This post was contributed by Olivia Golding. She’s an aspiring writer and has a keen interest in green living. She loves to cook and so prides herself on being minimal with food wastage, cooking large batches of meals for her grateful flatmates. It’s become such a big part of her life that she’s tried her hand at catering for gatherings in her local area, spreading the word of the benefits of green living (she almost has a cult following!). That’s why she’s always on the lookout for bargain catering equipment and solid recipes to maintain her newest adventure; so watch this space! She hopes you found this post super useful, and will take it on board to live a more sustainable life!


8 replies
  1. Eunice Graves says:

    Really good ideas! I am planning to start a compost in the back yard because I feel awful that I waste so many good materials that I could use. I have a garden so I definitely might use some worms and natural fertilizer. I love your post! Thanks for the ideas!

  2. Mike Moore says:

    Wonderful post,
    Kitchen waste, when disposed of in landfills, can produce large quantities of methane gas, which contributes to global warming as a greenhouse gas.

  3. Thomas Beckham says:

    Thanks for sharing these valuable points of recycling kitchen waste. I had never thought of using egg shells as decorated items. And the another good point is to feed seeds another waste food material to birds. This is the best thing one can do.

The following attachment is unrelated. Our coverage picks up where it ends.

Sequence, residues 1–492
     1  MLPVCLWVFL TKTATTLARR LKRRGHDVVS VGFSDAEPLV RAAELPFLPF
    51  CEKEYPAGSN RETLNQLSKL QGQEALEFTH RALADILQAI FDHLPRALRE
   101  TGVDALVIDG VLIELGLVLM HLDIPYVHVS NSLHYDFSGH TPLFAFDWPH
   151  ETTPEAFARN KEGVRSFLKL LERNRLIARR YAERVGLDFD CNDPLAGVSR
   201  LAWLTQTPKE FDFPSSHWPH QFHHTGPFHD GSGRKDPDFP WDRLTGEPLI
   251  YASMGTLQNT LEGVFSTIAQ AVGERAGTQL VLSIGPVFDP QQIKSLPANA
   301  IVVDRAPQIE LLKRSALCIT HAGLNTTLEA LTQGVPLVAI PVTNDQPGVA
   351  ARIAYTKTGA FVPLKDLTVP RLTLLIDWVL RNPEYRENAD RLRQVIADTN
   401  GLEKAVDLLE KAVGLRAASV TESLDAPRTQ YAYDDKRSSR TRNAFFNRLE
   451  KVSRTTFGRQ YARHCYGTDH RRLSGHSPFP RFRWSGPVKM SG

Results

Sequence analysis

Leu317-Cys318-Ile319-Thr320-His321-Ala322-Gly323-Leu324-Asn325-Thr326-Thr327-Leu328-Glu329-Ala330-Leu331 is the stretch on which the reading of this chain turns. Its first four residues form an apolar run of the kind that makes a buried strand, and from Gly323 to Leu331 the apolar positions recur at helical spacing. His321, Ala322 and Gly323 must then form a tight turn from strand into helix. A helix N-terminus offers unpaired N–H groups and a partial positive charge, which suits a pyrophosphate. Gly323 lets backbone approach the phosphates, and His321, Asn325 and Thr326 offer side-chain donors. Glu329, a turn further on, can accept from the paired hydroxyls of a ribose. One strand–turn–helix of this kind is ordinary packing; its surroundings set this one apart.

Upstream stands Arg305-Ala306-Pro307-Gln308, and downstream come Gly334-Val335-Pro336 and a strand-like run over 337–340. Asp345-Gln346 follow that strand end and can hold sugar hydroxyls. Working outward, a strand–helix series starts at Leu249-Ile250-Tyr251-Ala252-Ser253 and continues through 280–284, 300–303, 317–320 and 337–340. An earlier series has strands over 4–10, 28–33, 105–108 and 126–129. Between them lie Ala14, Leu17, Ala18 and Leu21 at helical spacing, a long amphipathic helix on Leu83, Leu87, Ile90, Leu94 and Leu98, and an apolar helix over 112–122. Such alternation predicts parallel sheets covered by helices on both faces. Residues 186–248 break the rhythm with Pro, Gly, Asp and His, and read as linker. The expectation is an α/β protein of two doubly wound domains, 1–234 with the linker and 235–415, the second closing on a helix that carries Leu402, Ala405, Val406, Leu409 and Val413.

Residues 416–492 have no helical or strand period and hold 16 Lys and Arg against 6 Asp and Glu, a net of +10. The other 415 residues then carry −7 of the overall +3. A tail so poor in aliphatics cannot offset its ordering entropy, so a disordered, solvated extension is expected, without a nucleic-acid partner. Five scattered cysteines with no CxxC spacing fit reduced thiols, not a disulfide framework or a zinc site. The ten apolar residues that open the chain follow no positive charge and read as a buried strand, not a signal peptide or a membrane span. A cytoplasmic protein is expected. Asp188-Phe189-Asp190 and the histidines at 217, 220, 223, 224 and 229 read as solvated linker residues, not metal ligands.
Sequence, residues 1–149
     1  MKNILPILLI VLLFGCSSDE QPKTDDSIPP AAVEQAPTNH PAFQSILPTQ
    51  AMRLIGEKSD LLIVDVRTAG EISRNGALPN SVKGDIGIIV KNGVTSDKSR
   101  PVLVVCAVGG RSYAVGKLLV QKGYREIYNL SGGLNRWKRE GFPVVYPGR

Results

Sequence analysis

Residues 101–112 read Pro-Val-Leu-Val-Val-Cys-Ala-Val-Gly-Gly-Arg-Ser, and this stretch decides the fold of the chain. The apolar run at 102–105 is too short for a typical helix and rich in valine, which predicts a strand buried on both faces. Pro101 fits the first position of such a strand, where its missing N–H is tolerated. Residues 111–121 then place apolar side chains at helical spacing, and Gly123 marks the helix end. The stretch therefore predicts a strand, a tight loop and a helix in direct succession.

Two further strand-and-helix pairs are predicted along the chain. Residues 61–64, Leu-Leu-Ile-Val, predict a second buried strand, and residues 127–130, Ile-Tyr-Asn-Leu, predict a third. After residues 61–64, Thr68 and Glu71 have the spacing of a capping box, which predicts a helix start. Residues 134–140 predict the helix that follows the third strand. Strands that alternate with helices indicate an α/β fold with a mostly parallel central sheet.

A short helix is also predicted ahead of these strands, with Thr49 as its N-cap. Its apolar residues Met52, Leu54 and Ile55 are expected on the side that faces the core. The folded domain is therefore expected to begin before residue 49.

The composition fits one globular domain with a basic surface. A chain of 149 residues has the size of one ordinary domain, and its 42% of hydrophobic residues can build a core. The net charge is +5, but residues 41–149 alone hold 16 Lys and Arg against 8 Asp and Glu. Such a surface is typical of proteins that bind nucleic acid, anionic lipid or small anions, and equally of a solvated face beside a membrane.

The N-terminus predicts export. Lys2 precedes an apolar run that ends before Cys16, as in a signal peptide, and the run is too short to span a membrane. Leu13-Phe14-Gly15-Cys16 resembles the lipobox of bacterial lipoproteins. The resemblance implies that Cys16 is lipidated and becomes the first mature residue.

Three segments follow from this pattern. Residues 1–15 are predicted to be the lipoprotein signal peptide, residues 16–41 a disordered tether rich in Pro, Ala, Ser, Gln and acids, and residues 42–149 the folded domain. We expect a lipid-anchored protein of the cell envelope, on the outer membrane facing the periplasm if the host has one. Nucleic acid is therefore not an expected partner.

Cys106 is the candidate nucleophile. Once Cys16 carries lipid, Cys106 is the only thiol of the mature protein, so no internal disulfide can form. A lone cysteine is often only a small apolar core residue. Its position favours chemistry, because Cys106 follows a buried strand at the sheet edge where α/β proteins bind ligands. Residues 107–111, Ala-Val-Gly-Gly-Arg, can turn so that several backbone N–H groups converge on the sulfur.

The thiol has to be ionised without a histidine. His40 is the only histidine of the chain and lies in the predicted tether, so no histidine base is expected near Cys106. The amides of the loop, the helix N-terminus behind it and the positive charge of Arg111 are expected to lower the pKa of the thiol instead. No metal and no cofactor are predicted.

One more point to add is :- Take your garbage out regularly, while keeping an eye out for recyclables. Instead of just tossing that sticky jam jar, wash it out and keep it or recycle it. By washing used containers and recycling them rather than throwing them away, you will keep your garbage relatively fresh and do something good for the earth as well!

  4. Allison says:

    Recycling the kitchen wastes can be done during our leisure time. The recycled waste substances can be used as fertilizers for the plants and this is a natural method of preparing compost for the plants. There are several ways to recycle kitchen wastes such as bin method, land filling method etc…

  5. Andrew says:

    First of all we should think about reducing the waste. That’s the main thing. Sometimes we buy a lot of food we can’t eat and have to toss away. Let’s think globally and start reducing the waste, then recycling.

  6. Stephanie Holmes says:

    I have a 45 gal. Compost bin that I add to every week. It looks that it never to really completely break down even if I mix it up when I add to it.It’s an enclosed black covered bin with plenty of slots around the bin for air and rain. If it doesn’t get enough rain, I add water to it to keep it damp.I don’t have room for another bin, so how do I keep from wasting my scraps?

  7. strip cut paper shredder says:

    Hi Emily

    How are you doing?

    Recycling is an issue we all need to talk about if we want to live in world with clean air, water and other things. It is a much-needed- topic and you have brought some really good points which must be shared with all.

    Our environment is getting damaged with every passing day and we are playing an active role in worsening our environment. Recycling is the dire need of our times if we want to live in a world with clean environment and leave it in good state for our coming generations.

    Best Regards